There is a lot of excitement around Microsoft virtualization technologies these days and rightfully so. One of the ‘hottest’ areas right now appears to be making virtual machines highly available using Windows Server R2 Failover Clusters so end users can take maximum advantage of Live Migration and Cluster Shared Volumes (CSV). This configuration not only saves a lot of money but also provides business continuity in the event of an unforeseen failure in the environment.
While I could spend time extolling the virtues of our virtualization technologies, I am really here to discuss what can happen if one were to get too ‘overzealous’ and not use common sense and a sound plan for implementing the solution correctly. As with many of the blogs you read here on the Rustyice blog, they have been written because of experiences we have had with our customers. This one is no different.
So, what happens when a customer decides they love Microsoft virtualization and high availability technologies so much, they want to virtualize their entire infrastructure? And, suppose they want to be sure it’s highly available so they create a multi-node Failover Cluster to host the virtual machines. When the customer completes the project, they are so very proud of what they have done because now they can retire their old hardware and save tons of money on power and cooling costs in their datacenter. Everyone is happy and celebrations abound. And, then it happens…..someone decides that they need to shutdown the cluster(s), for whatever reason, it does not matter, and, after awhile, when they decide it is OK to bring the cluster(s) back online…they cannot. Oh, and one more thing…..the clusters are running on Windows Server 2008 R2 CORE. Trust me…this is a true story and has already happened more than once, hence the impetus behind this blog.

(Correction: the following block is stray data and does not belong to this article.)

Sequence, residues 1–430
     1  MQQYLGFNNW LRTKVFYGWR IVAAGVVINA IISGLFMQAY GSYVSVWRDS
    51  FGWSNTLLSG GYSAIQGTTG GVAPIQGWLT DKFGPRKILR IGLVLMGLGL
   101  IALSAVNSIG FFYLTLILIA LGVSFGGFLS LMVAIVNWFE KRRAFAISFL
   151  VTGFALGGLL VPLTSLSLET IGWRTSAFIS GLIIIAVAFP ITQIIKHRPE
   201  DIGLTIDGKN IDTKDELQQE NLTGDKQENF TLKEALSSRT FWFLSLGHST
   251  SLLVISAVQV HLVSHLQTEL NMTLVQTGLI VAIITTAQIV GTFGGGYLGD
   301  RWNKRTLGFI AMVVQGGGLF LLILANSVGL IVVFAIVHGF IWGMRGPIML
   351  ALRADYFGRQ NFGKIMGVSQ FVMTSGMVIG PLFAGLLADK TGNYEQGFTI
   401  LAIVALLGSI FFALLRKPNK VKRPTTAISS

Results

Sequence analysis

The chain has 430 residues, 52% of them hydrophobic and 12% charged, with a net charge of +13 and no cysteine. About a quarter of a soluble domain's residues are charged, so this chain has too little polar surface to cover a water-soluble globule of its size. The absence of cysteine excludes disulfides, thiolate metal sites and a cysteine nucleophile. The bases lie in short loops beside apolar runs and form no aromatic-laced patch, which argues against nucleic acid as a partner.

If the predicament is not immediately obvious, and it should be for cluster veterans, I will tell you that the cluster service will fail to start because it cannot contact a Domain Controller somewhere in Active Directory. And, this is because all of the Domain Controllers and DNS servers (critical infrastructure servers) have been virtualized and are, in fact, virtual machines currently supported by the cluster that is trying to start up. Clearly, this is a case of having ones eggs all in one basket – not good.
How did we fix this? It was not a quick fix. In a nutshell, what the Support Engineer did was have the customer determine which storage LUN was hosting the VM files for one of the virtualized Domain ControllerDNS servers. Then, the LUN was mapped to a standalone server so the VHD file could be copied off to another standalone Hyper-V server so a new VM could be created and placed in service. Once this was accomplished, the cluster could be started.
How can this type of scenario be avoided?
1. Develop a solid, well thought out migration plan. Ensure the planning team includes people who understand how all the technologies function in a virtualized environment.
2. Have at least one physical Domain ControllerDNS server available in the environment.
3. If #2 is not an option, distribute the virtualized infrastructure servers across multiple hyper-v clusters and hope they will not all be Offline at the same time.
4. Plan to have one of more Hyper-V servers running in a WORKGROUP configuration. Hyper-V servers do not have to be joined to an Active Directory domain. Then distribute some of the virtualized infrastructure servers across these servers.